Testing and evaluation

But let’s talk about testing, since it’s a subject much on my mind at this moment, because of a conference paper I’ve been working on for several weeks. (More about that another time …)

While test results are among the tools that marketing departments use for marketing leverage, they’re not the whole toolbox. However, test results do provide leverage, and it’s probable that more people get their test result information filtered through vendor press releases (directly or indirectly) than they do from an independent tester.

Probably any security researcher has seen instances where selective quoting and paraphrasing of test report content has made it sound far more favorable to a given product than is supported by the test statistics. Where a range of products of broadly similar abilities are tested, testers already face the issue of basing a report on the magnification of minor differences. On the other hand, we’re seeing an ongoing move away from large sample sets to far smaller sets, which is – provided the samples are properly selected, validated and weighted – not a bad thing. (However, we’re also seeing a resurgence of the bad old idea that testing is so easy that anyone can do it, with guidance and off-the-peg samples from vendors or their associates…)

Try before you buy

An idea that comes up several times in Kevin’s article explores the necessity of ‘trying before you buy’. Inevitably, since much of the market consists of products whose detection performance may not differ dramatically from that of their competitors, on average, so while detection test results are an important component of marketing strategies, other performance issues may be as important, or even more important.

The trouble with ‘try before you buy’ is that you only get to experience the product in a limited range of situations, and the less you know about the threat and counterthreat technology, the less you’ll get out of a trial period. While it’s perfectly reasonable to try to benefit from the experience from others in forums and through personal discussion, your indirect experience is filtered through a third party’s experience and understanding, and that party’s needs may be quite different to yours.

There is a point to evaluation/trial versions, of course. For instance, an independent tester may, perfectly reasonably, award stars or a best-of-breed classification to a product that performs outstandingly in its tests, but you might then find that it’s totally incompatible with one of your in-house systems or a third-party product that is vital to your business processes. I don’t think this is a common occurrence, but it could happen, because no tester can guarantee that a product they test will work flawlessly in every environment.

When it comes to detection testing, however, the accuracy of your evaluation is dependent on (among other things) the validity of your test set. The real value of the test is determined (among other things) by such complex and interrelated factors as the selection and validation of samples, weighting/scoring, appropriate configuration and so on. Keeping those particular juggling clubs in the air requires skill, knowledge, and resources. If you buy into the model of ‘testing is so easy, you can do it yourself‘, pushed so hard by certain security companies over the years, you’re less in control of the methodology than they are.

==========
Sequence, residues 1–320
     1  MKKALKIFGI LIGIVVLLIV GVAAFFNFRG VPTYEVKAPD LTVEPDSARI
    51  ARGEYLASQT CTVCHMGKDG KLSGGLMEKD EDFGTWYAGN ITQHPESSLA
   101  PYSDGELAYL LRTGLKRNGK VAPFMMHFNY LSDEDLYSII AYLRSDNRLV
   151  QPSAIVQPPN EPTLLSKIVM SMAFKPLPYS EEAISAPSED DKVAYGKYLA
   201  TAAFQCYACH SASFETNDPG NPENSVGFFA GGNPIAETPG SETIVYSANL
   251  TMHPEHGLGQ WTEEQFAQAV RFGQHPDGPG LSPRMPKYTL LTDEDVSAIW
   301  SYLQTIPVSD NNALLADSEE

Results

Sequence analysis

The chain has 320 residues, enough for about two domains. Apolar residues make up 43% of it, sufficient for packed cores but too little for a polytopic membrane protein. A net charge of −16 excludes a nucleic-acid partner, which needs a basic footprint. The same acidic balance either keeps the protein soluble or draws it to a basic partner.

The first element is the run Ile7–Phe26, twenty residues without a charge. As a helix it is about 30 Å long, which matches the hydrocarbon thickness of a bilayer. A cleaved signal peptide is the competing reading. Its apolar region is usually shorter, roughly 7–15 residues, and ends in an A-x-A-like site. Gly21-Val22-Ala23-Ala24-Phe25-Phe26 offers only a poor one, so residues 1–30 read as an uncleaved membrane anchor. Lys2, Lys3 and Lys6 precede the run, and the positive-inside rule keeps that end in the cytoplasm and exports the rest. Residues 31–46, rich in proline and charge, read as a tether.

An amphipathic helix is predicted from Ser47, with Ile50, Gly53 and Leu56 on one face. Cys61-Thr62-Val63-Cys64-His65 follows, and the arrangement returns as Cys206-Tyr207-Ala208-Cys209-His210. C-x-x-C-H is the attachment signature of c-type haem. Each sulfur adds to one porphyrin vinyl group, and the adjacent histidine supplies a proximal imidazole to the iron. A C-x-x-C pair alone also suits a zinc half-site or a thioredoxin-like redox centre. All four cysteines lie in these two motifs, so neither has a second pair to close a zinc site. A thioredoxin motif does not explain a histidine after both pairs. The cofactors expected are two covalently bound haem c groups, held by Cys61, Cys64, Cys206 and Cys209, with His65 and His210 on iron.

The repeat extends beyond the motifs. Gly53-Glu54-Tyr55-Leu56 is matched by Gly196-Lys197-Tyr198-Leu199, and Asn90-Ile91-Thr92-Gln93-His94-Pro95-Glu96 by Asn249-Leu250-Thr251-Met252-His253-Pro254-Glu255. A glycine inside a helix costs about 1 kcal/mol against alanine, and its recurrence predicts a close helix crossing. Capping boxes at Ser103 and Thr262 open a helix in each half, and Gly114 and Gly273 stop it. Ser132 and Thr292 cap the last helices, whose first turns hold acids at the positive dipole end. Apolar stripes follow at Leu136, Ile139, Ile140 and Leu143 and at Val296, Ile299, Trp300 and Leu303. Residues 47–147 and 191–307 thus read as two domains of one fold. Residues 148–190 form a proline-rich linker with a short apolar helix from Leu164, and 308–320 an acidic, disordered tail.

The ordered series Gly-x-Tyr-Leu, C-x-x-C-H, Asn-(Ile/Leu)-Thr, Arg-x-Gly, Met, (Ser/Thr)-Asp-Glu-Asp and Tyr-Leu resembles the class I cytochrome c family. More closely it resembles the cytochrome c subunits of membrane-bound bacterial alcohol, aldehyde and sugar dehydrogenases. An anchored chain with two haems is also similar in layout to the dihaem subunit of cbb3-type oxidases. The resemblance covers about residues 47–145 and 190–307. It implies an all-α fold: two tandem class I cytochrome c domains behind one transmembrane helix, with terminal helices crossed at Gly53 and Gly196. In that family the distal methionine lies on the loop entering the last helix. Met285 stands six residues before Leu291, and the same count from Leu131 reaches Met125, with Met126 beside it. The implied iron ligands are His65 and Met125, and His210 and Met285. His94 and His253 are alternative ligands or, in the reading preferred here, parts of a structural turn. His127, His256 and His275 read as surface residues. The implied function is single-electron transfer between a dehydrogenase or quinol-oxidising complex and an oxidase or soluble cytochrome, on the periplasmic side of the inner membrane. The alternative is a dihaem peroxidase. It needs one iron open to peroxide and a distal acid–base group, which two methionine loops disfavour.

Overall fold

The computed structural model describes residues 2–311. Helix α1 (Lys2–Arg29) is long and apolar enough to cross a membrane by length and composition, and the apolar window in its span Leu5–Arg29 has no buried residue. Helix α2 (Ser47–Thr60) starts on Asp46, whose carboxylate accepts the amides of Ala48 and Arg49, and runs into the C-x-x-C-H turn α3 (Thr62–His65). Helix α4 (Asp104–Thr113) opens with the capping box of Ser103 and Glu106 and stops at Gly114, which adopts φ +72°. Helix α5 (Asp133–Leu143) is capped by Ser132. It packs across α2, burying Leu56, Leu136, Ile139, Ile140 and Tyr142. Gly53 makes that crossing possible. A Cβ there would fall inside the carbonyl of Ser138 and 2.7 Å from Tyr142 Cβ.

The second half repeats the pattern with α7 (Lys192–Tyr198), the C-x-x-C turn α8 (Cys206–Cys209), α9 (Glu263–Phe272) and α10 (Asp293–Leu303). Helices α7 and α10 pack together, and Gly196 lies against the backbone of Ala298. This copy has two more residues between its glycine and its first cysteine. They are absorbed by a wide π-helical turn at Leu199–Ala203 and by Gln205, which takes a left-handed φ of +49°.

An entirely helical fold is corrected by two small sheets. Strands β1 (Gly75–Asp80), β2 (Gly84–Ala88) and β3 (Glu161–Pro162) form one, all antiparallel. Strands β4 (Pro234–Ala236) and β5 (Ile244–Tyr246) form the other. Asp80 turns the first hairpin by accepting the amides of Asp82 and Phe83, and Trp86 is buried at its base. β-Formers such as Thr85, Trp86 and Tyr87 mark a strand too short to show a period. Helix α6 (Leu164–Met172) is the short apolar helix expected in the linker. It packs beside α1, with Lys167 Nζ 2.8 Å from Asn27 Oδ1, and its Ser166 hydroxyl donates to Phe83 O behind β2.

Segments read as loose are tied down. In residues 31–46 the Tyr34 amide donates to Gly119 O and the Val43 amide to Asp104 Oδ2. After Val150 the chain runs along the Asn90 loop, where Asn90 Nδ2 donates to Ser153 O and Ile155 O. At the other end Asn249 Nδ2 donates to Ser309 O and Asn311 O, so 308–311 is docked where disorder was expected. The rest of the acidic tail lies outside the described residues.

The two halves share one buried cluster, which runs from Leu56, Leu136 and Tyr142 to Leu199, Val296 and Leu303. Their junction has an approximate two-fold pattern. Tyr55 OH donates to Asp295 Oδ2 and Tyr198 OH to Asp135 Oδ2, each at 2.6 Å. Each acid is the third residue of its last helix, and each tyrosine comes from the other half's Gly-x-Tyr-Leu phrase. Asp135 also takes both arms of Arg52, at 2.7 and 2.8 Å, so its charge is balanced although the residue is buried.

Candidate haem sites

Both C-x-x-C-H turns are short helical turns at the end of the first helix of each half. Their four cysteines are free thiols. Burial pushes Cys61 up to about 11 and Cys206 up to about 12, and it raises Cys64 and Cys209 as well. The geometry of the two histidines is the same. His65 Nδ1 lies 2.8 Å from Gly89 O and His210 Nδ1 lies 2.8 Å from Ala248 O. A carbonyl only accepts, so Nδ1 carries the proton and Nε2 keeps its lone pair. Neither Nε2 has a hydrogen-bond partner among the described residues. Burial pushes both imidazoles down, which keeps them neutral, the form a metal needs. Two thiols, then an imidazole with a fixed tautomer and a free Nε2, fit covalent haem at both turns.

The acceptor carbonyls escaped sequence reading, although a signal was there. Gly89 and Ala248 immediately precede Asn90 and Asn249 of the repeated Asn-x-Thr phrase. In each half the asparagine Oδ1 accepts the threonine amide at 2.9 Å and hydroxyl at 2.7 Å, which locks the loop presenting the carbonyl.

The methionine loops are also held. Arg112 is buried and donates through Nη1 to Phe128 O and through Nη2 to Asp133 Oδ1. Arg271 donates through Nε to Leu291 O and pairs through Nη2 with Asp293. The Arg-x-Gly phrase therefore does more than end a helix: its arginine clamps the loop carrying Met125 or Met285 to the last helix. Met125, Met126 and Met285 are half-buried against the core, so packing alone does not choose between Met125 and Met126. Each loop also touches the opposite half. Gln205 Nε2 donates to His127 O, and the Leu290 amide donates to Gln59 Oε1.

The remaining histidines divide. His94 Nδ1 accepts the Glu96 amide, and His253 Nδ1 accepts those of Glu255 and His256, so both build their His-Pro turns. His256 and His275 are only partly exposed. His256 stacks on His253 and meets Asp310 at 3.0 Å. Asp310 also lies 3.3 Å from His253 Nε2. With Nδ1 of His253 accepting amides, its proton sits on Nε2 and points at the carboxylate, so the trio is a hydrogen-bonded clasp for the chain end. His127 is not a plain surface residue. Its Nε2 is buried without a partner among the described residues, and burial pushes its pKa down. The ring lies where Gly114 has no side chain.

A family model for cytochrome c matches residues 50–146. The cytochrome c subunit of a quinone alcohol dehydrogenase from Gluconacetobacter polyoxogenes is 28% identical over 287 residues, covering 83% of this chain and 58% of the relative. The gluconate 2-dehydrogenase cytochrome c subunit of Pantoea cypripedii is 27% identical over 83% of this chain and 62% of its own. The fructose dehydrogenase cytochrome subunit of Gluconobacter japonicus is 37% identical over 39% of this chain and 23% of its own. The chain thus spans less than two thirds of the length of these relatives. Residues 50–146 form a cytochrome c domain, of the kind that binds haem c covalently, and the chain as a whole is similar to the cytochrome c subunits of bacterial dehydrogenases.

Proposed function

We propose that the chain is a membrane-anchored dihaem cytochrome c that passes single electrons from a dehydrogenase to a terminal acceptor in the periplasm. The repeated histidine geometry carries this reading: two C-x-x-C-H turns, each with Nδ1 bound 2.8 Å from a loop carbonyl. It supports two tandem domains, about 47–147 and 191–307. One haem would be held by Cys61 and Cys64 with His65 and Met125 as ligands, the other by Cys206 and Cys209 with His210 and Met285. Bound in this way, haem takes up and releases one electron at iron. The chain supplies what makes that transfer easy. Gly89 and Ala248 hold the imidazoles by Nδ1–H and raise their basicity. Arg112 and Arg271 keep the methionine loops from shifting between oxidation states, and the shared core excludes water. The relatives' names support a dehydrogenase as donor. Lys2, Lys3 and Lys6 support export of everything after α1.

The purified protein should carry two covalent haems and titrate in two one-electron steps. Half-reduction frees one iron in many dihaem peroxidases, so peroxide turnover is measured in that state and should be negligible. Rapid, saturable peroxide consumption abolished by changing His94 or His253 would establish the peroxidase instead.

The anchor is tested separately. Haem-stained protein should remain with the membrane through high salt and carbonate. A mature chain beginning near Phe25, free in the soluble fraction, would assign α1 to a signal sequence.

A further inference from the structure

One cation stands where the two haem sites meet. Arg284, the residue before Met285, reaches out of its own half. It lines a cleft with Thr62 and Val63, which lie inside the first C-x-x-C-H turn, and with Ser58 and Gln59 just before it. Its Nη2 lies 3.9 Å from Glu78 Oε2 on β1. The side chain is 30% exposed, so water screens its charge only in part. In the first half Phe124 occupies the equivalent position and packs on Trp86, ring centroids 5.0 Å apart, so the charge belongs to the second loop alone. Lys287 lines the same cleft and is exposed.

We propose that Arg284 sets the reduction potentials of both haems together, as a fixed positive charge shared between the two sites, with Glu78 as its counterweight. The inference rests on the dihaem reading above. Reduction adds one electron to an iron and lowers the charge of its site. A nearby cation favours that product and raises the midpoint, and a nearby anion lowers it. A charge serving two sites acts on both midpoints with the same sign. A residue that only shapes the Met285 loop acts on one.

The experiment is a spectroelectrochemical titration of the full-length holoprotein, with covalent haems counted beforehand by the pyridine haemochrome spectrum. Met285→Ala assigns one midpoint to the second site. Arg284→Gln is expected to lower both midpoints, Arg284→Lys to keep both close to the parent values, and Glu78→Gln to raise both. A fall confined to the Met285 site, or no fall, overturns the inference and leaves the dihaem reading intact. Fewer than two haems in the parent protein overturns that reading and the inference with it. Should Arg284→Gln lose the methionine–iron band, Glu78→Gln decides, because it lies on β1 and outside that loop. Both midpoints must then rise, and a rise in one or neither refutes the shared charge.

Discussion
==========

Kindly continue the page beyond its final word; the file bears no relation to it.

If you simply rely uncritically on a sample set from unknown sources (especially if those sources may be a vendor whose product is under test), you’re letting the supplier of the samples control the test. And if you know that the source of samples for testing is a vendor whose product you’re evaluating? Well, I just don’t understand why you would do that.

  • The vendor can’t give you samples it doesn’t have.
  • The vendor is unlikely to give you samples its products don’t detect.
  • The vendor will be tempted to give you samples it knows other vendors won’t detect.

In fact, some professional testers have been known to solicit samples from vendors and encourage those vendors to offer samples that other vendors probably don’t have. And I can see some point to that, though it’s not a point that works to the advantage of the tester’s audience. It can happen with a reasonably well-weighted and selected set of samples that a selection of reasonably competent products will score around the same number of detections. (Can and does happen.) So a tester (or reviewer – not always the same person) may feel compelled to exaggerate small differences in detection rates in order to get a more dramatic detection ranking for the ‘editor’s choice’.

But why don’t other companies have the same samples? Well, here are some possible (hypothetical) reasons:

  • Unlike most mainstream vendors, the vendor doesn’t share samples with other companies. Established AV companies have tended to prioritize the good of the community rather than competitive advantage, by sharing samples. Maybe not always all samples, and maybe not always immediately.
  • The sample wasn’t around long enough to pose a threat in the real world.
  • The sample was generated specifically to offer to testers and potential customers in the hope and expectation that only the donor’s product would detect it. There was a recent case where a high percentage of samples were found not to contain malicious code. While this is claimed to have been a side-effect of a process intended to generate ‘new’ samples of pre-existing malware rather than deliberate deception, it demonstrates how misleading the results can be when samples used for testing and evaluation are not properly validated before use.